Monday, August 28, 2006

We Need a Living U.S. Constitution

Jonah Goldberg is rambling against the movement to view the U.S. Constitution as a 'living' document, meaning one with shifting interpretations in order to keep up with the needs of changing times. It's a lot like the Bible that way; we need to interpret the Constitution and the Bible for modern generations.

Hey, it would be nice if it weren't necessary; if there some way to amend the Constitution so that we could change it. But alas, the Founding Fathers unwisely chose to make the Constitution carved in stone, unchangeable forever. So it is necessary to grant judges the authority to reinterpret it for our benefit so that we can continue letting this document guide us.

8 comments:

Eight Iron said...

John -

Not sure I understand your post, since the Constitution has been amended many times, the Bill of Rights being only the first 10 of many more amendments.

Am I missing something here?

- Greg

John said...

It has. I was trying to wryly point out the illogic of arguments in favor of a 'living' Constitution.

Brett said...

What's more, I think we should grant the church the final authority to reinterpret scripture for our benefit so that we can continue letting the Bible guide us.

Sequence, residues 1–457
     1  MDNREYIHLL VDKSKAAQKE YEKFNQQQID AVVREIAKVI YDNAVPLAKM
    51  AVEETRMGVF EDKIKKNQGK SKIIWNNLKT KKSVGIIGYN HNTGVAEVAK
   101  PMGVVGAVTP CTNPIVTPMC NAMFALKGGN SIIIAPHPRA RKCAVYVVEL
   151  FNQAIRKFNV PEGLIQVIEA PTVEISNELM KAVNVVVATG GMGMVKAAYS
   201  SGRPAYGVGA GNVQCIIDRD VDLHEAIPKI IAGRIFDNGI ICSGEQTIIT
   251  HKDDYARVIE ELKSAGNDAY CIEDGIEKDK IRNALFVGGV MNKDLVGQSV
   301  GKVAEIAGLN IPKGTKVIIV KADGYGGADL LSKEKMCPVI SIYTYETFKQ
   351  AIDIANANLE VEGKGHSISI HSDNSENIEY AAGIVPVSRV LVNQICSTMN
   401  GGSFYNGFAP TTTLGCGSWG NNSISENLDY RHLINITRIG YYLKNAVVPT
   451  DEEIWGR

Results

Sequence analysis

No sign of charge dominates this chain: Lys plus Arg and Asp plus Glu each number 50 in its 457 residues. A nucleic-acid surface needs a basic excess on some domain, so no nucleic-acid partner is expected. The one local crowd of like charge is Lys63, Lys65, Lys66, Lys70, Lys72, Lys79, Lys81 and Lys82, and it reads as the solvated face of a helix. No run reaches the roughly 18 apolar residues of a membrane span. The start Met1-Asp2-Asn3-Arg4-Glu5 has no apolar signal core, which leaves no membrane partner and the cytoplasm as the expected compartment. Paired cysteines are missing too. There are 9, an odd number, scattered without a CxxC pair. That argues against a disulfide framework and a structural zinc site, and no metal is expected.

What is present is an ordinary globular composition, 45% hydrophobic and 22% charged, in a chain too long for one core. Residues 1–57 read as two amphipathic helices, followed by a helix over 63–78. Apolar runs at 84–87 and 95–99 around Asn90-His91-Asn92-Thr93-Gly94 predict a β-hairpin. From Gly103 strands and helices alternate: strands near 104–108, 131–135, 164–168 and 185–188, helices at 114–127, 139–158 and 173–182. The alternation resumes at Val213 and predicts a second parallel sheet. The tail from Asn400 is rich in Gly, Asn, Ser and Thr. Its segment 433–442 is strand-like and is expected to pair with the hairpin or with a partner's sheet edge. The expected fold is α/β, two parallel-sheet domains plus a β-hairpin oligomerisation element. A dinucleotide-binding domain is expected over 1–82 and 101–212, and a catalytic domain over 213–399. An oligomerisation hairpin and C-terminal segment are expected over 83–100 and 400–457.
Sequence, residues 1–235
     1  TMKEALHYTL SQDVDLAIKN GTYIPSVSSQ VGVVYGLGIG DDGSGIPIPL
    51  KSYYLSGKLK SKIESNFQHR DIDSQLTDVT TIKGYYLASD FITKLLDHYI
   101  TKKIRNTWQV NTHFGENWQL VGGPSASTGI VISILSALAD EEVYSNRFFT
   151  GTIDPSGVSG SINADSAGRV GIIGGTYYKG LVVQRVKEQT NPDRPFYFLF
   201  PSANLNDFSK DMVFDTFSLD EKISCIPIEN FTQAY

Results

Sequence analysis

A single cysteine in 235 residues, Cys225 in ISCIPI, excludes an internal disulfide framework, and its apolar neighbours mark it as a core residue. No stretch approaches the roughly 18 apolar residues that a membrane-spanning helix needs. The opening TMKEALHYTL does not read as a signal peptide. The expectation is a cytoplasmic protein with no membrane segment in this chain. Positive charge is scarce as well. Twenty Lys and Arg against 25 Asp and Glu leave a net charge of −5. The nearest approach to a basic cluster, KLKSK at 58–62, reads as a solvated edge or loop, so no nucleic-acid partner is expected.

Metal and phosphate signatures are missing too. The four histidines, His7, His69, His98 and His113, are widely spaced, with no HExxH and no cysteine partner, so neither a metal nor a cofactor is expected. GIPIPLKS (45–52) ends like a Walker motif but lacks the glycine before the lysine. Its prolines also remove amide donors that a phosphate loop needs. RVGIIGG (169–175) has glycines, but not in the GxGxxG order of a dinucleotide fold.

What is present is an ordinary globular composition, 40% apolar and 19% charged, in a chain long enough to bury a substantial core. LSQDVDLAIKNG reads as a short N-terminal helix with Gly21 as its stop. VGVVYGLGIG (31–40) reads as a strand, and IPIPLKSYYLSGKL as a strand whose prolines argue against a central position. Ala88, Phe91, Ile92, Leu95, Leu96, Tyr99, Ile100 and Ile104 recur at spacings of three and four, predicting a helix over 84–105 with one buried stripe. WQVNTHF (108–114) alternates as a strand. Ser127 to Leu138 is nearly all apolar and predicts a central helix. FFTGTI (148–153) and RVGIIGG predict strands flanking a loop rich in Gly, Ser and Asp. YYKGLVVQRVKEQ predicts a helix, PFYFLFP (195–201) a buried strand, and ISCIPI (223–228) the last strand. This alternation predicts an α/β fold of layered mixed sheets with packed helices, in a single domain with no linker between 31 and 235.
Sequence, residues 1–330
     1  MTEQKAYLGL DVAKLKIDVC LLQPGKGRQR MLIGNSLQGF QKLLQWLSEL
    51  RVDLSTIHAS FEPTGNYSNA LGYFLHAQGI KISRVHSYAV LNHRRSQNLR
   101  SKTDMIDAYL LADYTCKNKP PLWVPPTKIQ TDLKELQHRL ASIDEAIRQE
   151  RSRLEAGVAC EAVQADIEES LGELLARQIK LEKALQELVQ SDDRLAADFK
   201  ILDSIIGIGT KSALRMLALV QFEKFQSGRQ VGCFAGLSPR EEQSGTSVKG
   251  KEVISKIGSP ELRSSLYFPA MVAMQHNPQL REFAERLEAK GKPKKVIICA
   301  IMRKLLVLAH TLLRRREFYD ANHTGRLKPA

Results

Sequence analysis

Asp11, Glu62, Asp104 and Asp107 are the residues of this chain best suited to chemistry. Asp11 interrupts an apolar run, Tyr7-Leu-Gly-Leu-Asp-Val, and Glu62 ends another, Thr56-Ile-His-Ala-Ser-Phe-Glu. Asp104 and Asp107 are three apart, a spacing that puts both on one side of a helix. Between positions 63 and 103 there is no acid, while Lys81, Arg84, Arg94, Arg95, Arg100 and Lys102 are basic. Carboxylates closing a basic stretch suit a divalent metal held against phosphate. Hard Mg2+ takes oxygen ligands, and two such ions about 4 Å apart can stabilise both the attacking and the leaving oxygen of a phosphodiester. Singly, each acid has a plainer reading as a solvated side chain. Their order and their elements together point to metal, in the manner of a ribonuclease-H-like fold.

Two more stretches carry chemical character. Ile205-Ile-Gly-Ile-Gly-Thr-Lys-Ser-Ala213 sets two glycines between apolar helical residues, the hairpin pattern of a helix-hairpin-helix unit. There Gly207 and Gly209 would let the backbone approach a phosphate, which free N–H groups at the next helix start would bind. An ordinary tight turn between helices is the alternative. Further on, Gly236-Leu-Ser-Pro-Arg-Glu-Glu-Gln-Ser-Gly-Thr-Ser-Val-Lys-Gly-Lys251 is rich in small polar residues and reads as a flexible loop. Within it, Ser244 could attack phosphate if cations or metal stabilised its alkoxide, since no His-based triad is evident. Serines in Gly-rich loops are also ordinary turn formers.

John said...

Heh!

bob said...

John, How come it's always the people who want to justify their own actions who want a living constitution or Bible?

John said...

Hmm. To that statement, I must confess, "guilty as charged". At least with the Bible.

Dan Trabue said...

I'm with Greg. I don't get your point. The Constitution has/does change, expand, wiggle and experience growth (and reduction ocassionally). We need it to be thus.

Are you arguing for or against that sort of notion? I can't tell...

John said...

Change and growth is quite acceptable -- if it comes from the process built into the Constitution: amendments. If it comes throught courts "interpreting" the Constitution for new times, then the changes are illegitimate and undemocratic.